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From Andrus Adamchik <and...@objectstyle.org>
Subject Re: Memory leak of Configuration under Java 1.4, also EventManager
Date Thu, 18 Oct 2007 19:51:36 GMT
Hi Mike,

Good stuff - we need to clean it up. I was not aware of the issue  
with Configuration shutdown hook. Looking at the code, there is no  
excuse for creating it eagerly for every instance. Let me actually  
fix it now.

Regarding EventManager, this is a known issue. There is an  
EventManager.shutdown() method added in 3.0 (CAY-610) and we are  
planning to weed out a few remaining references to the default static  
EM (CAY-868) that leaks just a few threads.

Andrus


On Oct 18, 2007, at 10:41 PM, Mike Kienenberger wrote:
> For what it's worth, there's a memory leak in Configuration.  I doubt
> it will affect many people, but it was a significant contributor to
> the 1.5Gb memory requirements and 35 minutes when running my tests
> (now down to 400Mb in 25 minutes, although Velocity, StrutsTest, and
> personal memory leaks contributed some to this issue as well).
>
> The problem is that "new Thread()" without "thread.start()" under Java
> 1.4 leaks memory.
> Every new instance of Configuration creates a new Thread() without
> starting it, and since this is an inner class for Configuration,
> configuration leaks.   And that pretty much leaks the entire Cayenne
> runtime.
>
> All of my Cayenne tests create a new configuration, so this was a
> problem for me.
>
> Here's how I solved it in case anyone else has the same situation.  I
> subclassed DefaultConfiguration (which is the superclass for all of my
> other classes) as follows, and then called the "clear()" method in my
> teardown().
>
>
> public class CleanableDefaultConfiguration extends  
> DefaultConfiguration
> {
>     public CleanableDefaultConfiguration()
>     {
>         super();
>     }
>
>     public CleanableDefaultConfiguration(String  
> domainConfigurationName)
>     {
>         super(domainConfigurationName);
>     }
>
>     public void clear() {
>         uninstallConfigurationShutdownHook();
>         ((Thread)configurationShutdownHook).start();
>         try {
>             ((Thread)configurationShutdownHook).join();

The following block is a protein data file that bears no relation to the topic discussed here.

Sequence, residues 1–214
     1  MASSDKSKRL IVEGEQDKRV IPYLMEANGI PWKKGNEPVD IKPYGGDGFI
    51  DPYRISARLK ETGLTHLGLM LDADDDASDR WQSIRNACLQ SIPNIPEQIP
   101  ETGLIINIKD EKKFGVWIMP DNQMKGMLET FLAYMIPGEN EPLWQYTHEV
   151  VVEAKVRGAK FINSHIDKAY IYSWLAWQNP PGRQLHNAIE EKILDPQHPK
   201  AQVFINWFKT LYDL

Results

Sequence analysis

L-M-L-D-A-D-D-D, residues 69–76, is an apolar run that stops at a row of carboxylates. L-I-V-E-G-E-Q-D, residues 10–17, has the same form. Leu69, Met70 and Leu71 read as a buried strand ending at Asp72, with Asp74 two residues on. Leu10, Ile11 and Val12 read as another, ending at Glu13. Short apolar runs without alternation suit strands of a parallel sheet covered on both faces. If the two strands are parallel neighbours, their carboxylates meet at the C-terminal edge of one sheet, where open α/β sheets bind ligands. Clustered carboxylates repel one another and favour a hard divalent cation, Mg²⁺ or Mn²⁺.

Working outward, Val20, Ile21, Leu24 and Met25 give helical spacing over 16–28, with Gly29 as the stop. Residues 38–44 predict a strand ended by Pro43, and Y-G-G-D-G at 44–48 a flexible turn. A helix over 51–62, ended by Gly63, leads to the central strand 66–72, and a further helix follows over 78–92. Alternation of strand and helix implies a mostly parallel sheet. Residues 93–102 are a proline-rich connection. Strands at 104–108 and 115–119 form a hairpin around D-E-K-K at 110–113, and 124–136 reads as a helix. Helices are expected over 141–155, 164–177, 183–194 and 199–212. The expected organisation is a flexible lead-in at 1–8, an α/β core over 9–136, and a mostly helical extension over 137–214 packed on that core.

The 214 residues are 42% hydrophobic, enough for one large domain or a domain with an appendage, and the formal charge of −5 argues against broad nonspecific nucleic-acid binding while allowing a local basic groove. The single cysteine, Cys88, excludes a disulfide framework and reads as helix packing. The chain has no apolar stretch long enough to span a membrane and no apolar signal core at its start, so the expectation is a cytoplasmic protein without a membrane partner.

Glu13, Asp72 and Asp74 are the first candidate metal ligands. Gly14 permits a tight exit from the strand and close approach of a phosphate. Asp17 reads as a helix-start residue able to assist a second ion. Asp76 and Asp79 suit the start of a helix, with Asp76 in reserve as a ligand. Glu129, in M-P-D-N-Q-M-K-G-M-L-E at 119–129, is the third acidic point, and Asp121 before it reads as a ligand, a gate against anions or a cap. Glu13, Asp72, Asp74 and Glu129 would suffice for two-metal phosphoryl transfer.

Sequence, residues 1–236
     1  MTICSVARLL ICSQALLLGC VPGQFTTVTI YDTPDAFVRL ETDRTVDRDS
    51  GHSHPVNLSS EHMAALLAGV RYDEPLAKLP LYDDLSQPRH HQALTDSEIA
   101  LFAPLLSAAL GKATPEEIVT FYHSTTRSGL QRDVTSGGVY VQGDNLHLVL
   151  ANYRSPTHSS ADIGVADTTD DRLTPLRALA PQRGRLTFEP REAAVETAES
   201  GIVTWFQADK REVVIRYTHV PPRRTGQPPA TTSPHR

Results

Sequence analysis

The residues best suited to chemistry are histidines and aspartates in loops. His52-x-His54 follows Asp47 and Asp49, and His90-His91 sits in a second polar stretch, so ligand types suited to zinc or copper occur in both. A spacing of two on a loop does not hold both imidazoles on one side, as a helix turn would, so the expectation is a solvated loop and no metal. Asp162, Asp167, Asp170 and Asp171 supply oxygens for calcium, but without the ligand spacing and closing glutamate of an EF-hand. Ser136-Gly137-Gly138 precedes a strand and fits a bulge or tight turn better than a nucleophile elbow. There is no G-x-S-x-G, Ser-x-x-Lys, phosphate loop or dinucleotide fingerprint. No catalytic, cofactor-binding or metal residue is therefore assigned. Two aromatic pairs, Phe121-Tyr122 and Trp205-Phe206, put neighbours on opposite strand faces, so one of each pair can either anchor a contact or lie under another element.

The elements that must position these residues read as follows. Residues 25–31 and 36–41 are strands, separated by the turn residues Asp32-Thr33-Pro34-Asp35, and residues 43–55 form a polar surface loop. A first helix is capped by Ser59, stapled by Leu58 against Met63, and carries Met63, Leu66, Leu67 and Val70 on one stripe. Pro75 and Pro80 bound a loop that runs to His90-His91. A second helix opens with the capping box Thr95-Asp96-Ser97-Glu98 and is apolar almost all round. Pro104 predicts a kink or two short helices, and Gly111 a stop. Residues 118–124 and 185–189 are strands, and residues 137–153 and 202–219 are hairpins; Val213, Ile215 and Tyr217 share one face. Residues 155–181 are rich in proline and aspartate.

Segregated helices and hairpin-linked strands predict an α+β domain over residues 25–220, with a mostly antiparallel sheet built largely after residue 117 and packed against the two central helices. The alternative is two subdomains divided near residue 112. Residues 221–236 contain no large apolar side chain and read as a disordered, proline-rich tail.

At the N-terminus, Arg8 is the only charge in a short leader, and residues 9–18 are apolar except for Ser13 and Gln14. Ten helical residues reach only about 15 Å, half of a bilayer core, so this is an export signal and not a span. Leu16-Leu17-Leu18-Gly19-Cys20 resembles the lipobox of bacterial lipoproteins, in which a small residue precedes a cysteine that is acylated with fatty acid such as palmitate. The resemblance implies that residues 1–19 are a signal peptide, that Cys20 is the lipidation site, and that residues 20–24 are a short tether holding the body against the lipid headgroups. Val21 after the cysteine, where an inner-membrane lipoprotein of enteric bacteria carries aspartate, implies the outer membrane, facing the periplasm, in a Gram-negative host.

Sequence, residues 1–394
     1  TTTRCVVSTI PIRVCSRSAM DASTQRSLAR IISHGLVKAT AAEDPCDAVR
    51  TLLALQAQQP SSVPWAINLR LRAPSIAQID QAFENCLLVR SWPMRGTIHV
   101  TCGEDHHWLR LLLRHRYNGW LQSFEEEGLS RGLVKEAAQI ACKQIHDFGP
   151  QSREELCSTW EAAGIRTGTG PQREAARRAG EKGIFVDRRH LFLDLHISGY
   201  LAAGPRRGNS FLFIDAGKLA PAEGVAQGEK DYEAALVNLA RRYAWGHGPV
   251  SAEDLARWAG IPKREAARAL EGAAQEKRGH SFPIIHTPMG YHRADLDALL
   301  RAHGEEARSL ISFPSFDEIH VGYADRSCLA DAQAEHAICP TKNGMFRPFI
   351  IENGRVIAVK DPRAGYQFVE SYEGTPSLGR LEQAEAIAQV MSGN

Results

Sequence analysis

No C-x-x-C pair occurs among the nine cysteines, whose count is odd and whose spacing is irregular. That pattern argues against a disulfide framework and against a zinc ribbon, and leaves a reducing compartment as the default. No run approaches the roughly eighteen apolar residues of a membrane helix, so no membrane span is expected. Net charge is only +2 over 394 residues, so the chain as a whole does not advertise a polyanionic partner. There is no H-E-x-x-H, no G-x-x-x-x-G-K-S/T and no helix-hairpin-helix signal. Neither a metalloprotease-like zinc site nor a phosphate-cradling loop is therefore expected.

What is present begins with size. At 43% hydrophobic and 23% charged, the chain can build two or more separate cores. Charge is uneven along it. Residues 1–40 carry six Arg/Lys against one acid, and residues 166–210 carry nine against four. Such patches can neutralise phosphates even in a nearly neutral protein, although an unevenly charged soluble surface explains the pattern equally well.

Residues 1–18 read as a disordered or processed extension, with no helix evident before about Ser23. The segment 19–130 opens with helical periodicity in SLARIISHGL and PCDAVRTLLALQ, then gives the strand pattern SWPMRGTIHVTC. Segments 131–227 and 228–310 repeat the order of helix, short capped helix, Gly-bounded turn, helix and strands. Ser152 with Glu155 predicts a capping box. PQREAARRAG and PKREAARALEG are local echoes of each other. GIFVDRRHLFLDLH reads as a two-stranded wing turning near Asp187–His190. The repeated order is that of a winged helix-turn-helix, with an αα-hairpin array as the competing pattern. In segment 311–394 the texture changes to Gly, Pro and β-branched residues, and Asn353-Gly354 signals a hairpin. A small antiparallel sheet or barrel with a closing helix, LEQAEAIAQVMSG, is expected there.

>         } catch (InterruptedException e) {
>             Thread.currentThread().interrupt();
>             e.printStackTrace();
>         }
>         configurationShutdownHook = null;
>         shutdown();
>         this.setResourceLocator(null);
>         sharedConfiguration = null;
>     }
> }
>
>
> I also found issues with EventManager.   There's no public interface
> to reset it.   Here's what I ended up doing, but at some point there
> probably should be a way made to handle this with standard java code,
> and also shut down the EventManager.Dispatch threads.   Currently
> those threads run until the JVM dies, and since they are inner classes
> to EventManager, that means EventManager and its referents can't be
> garbage collected.
>
> What I did was used reflection to clear out the subjects and
> eventQueue fields, which cuts down on the impact of the leak.
>
>         // defaultManager is final -- can't reset it in java 1.4.
>         EventManager defaultManager = EventManager.getDefaultManager 
> ();
>         Field eventManagersubjectsField =
> EventManager.class.getDeclaredField("subjects");
>         eventManagersubjectsField.setAccessible(true);
>         eventManagersubjectsField.set(defaultManager,
> Collections.synchronizedMap(new WeakHashMap()));
>         Field eventManagereventQueueField =
> EventManager.class.getDeclaredField("eventQueue");
>         eventManagereventQueueField.setAccessible(true);
>         eventManagereventQueueField.set(defaultManager,
> Collections.synchronizedList(new LinkedList()));
>
>
> Again, probably not an issue for most use cases, but with 800+
> integration tests, it's an issue for me.
>


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